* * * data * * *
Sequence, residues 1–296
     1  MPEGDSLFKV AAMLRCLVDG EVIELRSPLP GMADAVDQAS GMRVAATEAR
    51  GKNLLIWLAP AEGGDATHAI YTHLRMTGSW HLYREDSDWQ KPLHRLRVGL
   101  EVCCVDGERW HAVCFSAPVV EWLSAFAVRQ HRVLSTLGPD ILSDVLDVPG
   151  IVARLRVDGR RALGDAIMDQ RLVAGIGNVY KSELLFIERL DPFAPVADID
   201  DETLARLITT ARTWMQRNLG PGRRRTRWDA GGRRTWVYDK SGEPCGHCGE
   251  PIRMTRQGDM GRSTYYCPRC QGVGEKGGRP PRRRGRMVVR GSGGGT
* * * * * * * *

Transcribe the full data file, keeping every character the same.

Sequence, residues 1–296
     1  MPEGDSLFKV AAMLRCLVDG EVIELRSPLP GMADAVDQAS GMRVAATEAR
    51  GKNLLIWLAP AEGGDATHAI YTHLRMTGSW HLYREDSDWQ KPLHRLRVGL
   101  EVCCVDGERW HAVCFSAPVV EWLSAFAVRQ HRVLSTLGPD ILSDVLDVPG
   151  IVARLRVDGR RALGDAIMDQ RLVAGIGNVY KSELLFIERL DPFAPVADID
   201  DETLARLITT ARTWMQRNLG PGRRRTRWDA GGRRTWVYDK SGEPCGHCGE
   251  PIRMTRQGDM GRSTYYCPRC QGVGEKGGRP PRRRGRMVVR GSGGGT